This month, our curator delves into the history of photography and takes a look at the early photographs taken of St Neots.
The first temporary exhibition of 2022 is ‘What a Beautiful World’ a photographic exhibition by local amateur photographer, Peter Hagger. Today, almost everyone in the UK carries a camera as a feature of their mobile phone, but just when were cameras invented, and what do the earliest photographs of St Neots show? Here’s a brief history…
The early days
The camera obscura, which utilises light passing through a tiny hole into a dark room to produce an image of an outside scene, has been used for at least two thousand years, but the ability to preserve the image by fixing it permanently to another surface was only discovered in the early 1800s
The invention of the Daguerreotype in 1839 made possible small photographic portraits on metal, and these quickly became popular despite the slow production process, and the need for the subject to remain totally still while the photograph was taken! By the early 1850s, a new process using a glass plate to create a negative from which a positive picture could be printed, had been invented and soon grew in popularity. By December 1854, the photographic portrait had arrived in St Neots. Records show a Richard and Ann Spring of Peterborough visited the town and advertised ‘30 second portraits with frame for five shillings’. This new, simplified photographic process meant that wealthy enthusiasts were now able to photograph their local surroundings, and enterprising traders, often chemists who had the technical know-how, set up photography studios.
The first pictures of St Neots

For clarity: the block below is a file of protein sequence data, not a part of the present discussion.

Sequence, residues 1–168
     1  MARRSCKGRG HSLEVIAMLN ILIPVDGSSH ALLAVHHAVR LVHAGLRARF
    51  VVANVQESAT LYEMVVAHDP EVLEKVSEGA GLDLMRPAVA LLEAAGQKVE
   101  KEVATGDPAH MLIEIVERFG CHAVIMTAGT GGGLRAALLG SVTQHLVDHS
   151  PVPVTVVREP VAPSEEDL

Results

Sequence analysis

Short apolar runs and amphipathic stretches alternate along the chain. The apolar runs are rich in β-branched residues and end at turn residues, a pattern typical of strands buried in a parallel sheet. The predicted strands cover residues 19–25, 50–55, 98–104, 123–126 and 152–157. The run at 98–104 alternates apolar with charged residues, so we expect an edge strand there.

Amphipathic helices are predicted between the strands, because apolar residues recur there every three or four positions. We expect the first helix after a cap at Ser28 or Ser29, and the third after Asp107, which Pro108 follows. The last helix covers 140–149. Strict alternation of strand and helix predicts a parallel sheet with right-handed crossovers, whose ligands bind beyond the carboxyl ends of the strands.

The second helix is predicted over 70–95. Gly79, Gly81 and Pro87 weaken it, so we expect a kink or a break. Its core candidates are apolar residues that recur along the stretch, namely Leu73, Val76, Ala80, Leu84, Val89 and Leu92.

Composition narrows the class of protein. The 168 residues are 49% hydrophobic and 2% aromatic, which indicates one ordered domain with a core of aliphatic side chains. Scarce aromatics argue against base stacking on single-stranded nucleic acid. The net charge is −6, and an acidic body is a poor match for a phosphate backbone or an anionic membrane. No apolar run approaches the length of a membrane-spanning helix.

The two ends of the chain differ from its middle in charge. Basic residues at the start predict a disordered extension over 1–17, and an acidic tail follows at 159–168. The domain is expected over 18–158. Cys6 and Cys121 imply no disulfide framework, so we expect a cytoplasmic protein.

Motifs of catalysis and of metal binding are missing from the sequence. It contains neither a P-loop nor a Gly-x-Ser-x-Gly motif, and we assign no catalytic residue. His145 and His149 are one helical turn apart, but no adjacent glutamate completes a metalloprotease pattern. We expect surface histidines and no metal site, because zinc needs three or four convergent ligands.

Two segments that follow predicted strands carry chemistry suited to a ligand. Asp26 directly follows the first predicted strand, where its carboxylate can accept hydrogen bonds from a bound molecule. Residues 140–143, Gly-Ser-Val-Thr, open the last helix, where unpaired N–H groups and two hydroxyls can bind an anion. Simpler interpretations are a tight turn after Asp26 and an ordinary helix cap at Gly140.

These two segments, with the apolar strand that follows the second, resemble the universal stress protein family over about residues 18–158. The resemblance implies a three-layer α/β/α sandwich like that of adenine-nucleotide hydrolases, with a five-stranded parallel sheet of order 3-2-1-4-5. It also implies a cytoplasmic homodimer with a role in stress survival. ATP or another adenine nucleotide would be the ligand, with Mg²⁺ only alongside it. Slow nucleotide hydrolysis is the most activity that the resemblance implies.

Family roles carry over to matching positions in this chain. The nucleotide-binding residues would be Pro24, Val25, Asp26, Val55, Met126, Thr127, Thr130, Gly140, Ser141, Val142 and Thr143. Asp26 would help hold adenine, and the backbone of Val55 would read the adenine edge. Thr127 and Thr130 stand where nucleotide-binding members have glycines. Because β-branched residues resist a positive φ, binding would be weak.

The earliest known photographs of St Neots are to be found in editions of Gorham’s ‘History of Eynesbury and St Neots’. This was first published in 1820, but later rebound editions contain additional information and images, including early photographs of the town dating from the 1850s. A photograph of 50 – 52 Market Square (currently Caffe Nero) shows the building between 1848 and 1855 when David Tomson, Printer and William Mole, Chemist and Druggist occupied parts of the building (before Mr Mole moved to 30 Market Square in 1855.) Other early photographs in the book show St Neots in 1863. This was the year that Queen Victoria’s eldest son, the future Edward VII, married Princess Alexandra of Denmark on the 10th March, and the entire
country celebrated the happy event with a national holiday. Local surveyor, architect and photographer, William Jackson of Eynesbury photographed the St Neots street decorations and so gives us a glimpse of the main streets of the town. The photograph of the Cambridge Street decoration shows a large cedar tree, which must be one of the trees that gave the later school and the current doctor’s surgery in Huntingdon Street its name.